Fathers of the Church

Letter CXXI. to Anatolius the Patrician

Description

Theodoret’s letters are a mine of information for the history of the fifth century, of the author’s life and of the history of dogma in general. This large correspondence is distinguished for its unpretentious learning, felicitous diction and perfect grace of style. (Quasten) In this letter to Anatolius, which must have been written shortly after the previous (letter CXIX), he shows that he has now seen the “Tome of Leo” (Pope Leo the Great, letter XXVIII) and Leo’s other letters to the now deceased bishop of Constantinople, Flavian. He rejoices in Leo’s authoritative statement of Christian orthodoxy, and sends Anatolius some passages from the Tome together with parallel passages from his own works, as a new defense of his own yorthodoxy.

Provenance

Theodoret of Cyrus (c. 393-466), the wise and zealous bishop of Cyrus, a small town near Antioch, was the last great theologian of the school of Antioch. Although he first considered Alexandrian Christology dangerous, and refused to condemn Nestorius until the Council of Chalcedon, his commitment to the correct doctrine of the Incarnation should not be questioned. As late as the 14th century more than 500 of his letters were extant, of which we still have 232. Letters CXIV-CXXXII were written during his exile from Cyrus after the “Robber-Council” of Ephesus.

by Theodoret in 449-450 | translated by Blomfield Jackson

The Lord who overlooks and governs all things has shewn both the apostolic truth of my doctrines, and the falsehood of the slander laid at my door. For the writings sent from the right godly and holy lord Leo, archbishop of Great Rome, to Flavianus of holy memory and to the rest assembled at Ephesus, are entirely in harmony with what I myself have written and have always preached in church. So soon therefore as I had read them, I praised the loving-kindness of the Lord, in that He had not wholly forsaken the churches, but had protected the spark of orthodoxy; or—shall I not rather say?—not a spark, but a very great torch, such as might enkindle and enlighten the world; for he has truly, in his writings, observed the apostolic stamp, and in them we have found at once what has been delivered by the holy and blessed prophets and apostles, and their successors in the preaching of the Gospel, and moreover the holy Fathers assembled at Nicaea. By these I confess that I abide, and indict all who hold other doctrines as guilty of impiety. Side by side with these writings of mine I have set one of the letters sent by him to Ephesus, to the end that when your excellency reads them you may remember the words which I have often spoken in church, may recognise the harmony of the doctrines, and may bate the utterers of the lie as well as those who have set up their new heresy in opposition to the doctrines of the Apostle.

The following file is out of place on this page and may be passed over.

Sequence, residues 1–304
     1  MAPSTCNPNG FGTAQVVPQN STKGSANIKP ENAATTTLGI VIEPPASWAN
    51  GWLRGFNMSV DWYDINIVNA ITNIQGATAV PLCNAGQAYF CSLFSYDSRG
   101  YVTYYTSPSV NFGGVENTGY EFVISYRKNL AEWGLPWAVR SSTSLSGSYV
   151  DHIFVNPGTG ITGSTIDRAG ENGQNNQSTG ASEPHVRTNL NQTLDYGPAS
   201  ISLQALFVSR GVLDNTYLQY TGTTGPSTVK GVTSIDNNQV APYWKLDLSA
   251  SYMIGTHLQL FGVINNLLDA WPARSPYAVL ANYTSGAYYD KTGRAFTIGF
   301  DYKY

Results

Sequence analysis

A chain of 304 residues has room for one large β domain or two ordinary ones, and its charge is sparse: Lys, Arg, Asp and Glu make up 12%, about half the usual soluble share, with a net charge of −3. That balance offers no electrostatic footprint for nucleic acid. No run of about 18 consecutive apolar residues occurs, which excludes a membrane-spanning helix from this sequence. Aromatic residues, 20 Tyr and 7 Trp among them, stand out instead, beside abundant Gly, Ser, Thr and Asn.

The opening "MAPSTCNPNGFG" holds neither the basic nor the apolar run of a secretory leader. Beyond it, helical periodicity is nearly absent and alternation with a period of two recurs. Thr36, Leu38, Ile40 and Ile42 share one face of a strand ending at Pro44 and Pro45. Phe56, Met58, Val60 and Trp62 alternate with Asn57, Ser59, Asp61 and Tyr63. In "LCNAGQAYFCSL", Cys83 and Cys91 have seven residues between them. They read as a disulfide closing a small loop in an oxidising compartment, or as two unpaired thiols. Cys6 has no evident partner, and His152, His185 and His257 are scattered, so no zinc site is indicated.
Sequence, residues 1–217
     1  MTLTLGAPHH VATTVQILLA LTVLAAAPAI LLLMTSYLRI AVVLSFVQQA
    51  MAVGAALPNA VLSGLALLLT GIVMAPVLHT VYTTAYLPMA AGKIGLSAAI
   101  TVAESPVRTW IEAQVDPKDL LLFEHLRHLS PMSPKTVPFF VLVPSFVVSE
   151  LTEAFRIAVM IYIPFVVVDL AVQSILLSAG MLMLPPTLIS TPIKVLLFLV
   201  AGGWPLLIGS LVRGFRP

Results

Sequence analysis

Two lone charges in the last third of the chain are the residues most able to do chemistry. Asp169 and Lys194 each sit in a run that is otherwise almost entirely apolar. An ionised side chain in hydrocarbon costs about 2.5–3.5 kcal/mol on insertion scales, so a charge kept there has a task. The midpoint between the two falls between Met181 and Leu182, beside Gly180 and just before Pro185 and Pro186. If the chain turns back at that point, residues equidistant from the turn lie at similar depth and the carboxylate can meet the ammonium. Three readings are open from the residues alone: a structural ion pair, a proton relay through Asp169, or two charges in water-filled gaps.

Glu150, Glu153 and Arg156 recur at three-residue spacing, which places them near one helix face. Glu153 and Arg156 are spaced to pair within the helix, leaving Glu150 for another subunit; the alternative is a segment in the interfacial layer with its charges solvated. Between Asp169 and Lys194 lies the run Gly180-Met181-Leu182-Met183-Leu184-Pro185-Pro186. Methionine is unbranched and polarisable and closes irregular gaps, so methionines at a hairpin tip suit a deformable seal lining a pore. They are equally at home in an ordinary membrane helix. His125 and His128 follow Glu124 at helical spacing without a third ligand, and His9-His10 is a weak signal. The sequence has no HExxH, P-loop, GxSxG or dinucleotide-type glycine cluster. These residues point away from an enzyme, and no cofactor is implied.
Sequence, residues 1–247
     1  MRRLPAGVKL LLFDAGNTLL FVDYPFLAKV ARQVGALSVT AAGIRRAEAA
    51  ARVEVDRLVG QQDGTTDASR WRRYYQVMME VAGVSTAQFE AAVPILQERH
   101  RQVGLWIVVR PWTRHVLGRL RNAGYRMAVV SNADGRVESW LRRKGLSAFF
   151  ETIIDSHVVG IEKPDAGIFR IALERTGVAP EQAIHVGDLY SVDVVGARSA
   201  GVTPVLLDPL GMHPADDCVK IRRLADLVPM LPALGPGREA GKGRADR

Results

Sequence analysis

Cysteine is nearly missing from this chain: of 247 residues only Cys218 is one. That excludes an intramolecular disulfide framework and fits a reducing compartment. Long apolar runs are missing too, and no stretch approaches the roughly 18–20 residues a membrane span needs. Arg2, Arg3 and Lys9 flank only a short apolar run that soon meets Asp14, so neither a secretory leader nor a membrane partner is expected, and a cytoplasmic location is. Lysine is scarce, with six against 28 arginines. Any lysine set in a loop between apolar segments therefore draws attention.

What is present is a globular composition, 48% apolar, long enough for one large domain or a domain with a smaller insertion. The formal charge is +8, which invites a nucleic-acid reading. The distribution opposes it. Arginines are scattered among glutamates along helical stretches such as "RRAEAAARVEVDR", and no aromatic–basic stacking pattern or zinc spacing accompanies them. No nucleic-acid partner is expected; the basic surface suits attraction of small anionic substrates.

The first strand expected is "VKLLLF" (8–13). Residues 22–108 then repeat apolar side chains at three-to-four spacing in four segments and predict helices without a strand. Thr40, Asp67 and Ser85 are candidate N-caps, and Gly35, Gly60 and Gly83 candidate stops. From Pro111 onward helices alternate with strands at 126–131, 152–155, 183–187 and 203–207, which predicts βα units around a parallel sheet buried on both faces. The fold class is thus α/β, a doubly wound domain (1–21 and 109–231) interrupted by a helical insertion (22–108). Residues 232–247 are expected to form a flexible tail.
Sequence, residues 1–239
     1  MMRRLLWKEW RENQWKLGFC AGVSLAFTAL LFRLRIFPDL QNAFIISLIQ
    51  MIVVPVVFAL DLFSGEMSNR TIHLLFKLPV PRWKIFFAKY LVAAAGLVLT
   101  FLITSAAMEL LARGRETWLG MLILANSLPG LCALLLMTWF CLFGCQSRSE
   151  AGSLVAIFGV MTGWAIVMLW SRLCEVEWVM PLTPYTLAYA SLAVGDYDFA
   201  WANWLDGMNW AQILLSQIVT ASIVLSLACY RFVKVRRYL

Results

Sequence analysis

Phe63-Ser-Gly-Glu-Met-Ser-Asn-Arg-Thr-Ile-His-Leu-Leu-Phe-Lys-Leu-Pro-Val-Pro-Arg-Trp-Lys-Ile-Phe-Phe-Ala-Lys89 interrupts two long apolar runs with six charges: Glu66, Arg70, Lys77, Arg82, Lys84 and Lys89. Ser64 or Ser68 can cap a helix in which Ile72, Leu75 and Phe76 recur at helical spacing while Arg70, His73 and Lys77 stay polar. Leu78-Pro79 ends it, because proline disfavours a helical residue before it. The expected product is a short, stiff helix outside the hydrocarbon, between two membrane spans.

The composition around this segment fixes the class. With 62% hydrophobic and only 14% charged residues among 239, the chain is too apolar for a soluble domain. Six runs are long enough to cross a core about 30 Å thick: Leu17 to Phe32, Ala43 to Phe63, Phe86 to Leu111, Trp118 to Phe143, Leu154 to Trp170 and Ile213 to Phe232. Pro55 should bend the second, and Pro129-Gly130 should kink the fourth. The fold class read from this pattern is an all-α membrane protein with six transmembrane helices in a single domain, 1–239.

Taken from "The Early Church Fathers and Other Works" originally published by Wm. B. Eerdmans Pub. Co. in English in Edinburgh, Scotland, beginning in 1867. (NPNF II/III, Schaff and Wace). The digital version is by The Electronic Bible Society, P.O. Box 701356, Dallas, TX 75370, 214-407-WORD.